Perceptions in the first- and third world vary considerably, with the reason being that first world cities have much more charging infrastructures around every corner. While the I-Pace (currently) suffices well as a city car, taking it from Cape Town to Johannesburg will require meticulous planning as fast charging stations are spread between 150-200km from one another on the open roads. Luckily, Jaguar is working with GridCars, an application established to notify EV users (and the general public) of the whereabouts of charging stations and its capacities. While this is currently the case, not only will improved technologies expand battery ranges, but also diminish range anxiety by installing many more fast-charging stations along busy routes.
In fact, Jaguar, along with many other manufacturers are currently aiming at expanding its EV model ranges by as early as 2024. With this, the manufacturers are also spending millions to ensure proper infrastructures for its customers. You can even install a fast-charging unit at your home (for your I-pace), which will result in it being fully charged in 12 hours.
This is thanks to a 7.4 kWh unit. Charging the car from just a normal power plug at home, will take around 26 hours. During our test, we took our test unit to the N1 city Jaguar plant for a charge. Arriving with just under 100km of range (around a quarter of the range), it took a slender 70 minutes to charge the car to a three-quarter tank capacity. Whilst Jaguar also claims a total range on a fully charged battery at 470km, we only got to about 320km. Still, this is quite a good range and with careful planning, it should be possible to take the I-Pace all over the country.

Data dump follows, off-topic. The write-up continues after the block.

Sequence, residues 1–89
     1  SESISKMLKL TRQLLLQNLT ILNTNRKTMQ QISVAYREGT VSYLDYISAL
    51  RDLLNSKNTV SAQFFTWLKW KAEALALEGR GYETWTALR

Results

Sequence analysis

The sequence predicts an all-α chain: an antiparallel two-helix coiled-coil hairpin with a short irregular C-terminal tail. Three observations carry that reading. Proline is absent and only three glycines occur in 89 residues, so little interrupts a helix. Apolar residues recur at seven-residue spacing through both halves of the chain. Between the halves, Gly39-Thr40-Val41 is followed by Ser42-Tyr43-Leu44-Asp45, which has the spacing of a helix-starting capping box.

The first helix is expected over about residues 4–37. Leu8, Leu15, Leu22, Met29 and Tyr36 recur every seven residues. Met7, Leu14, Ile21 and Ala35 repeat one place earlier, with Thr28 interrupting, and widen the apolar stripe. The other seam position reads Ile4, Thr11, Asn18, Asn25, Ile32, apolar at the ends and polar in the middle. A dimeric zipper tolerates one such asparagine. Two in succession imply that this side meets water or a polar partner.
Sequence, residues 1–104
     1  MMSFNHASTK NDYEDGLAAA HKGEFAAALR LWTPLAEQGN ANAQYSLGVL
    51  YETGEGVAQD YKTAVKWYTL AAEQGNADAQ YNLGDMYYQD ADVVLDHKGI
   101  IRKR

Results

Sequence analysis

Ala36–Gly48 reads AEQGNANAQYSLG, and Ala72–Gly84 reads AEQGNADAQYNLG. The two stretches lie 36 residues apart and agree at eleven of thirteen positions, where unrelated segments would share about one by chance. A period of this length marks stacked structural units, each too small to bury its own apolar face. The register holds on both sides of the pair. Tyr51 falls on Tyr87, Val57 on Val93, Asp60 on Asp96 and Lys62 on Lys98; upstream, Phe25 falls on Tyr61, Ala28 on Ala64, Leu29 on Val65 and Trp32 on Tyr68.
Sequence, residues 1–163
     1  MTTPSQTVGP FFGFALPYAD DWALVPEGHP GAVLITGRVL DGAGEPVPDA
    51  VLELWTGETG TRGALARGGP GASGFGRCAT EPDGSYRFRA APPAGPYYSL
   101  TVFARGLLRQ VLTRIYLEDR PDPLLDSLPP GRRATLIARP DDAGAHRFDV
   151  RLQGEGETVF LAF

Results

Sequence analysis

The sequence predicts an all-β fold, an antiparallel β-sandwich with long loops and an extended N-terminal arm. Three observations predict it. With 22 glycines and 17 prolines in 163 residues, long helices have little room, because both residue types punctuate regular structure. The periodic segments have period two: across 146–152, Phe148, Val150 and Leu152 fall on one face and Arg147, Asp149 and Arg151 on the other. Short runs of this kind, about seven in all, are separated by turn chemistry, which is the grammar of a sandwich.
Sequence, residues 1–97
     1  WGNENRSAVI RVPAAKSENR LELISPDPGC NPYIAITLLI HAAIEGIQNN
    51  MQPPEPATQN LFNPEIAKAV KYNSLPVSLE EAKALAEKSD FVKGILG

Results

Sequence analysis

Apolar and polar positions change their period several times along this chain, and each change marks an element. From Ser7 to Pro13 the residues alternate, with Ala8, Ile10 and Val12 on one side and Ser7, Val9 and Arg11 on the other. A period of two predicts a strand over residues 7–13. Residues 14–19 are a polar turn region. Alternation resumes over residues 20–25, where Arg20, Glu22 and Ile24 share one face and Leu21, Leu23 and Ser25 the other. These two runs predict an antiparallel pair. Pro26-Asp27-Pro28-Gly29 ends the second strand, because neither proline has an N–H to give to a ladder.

Thanks to regenerative braking, the actual brake pedal only needs to be used in case of emergencies or to bring the car to a slower speed, suddenly. Maintenance costs (and this has been proven by current EV owners around the world) are much lower than with a normal internally combustive vehicle.
What strikes me about the I-Pace is that it looks like other current Jaguar models, therefore not standing out just because it is an EV. It is appealing to both young and old. Secondly, with a low centre of gravity (thanks to the weight of the batteries between the two-wheel arches), this 2.2-ton car does not feel at all like a bulgy SUV. With electronic steering, it is easy to drive and quick to enter corners without a hint of tyres, struggling to find grip.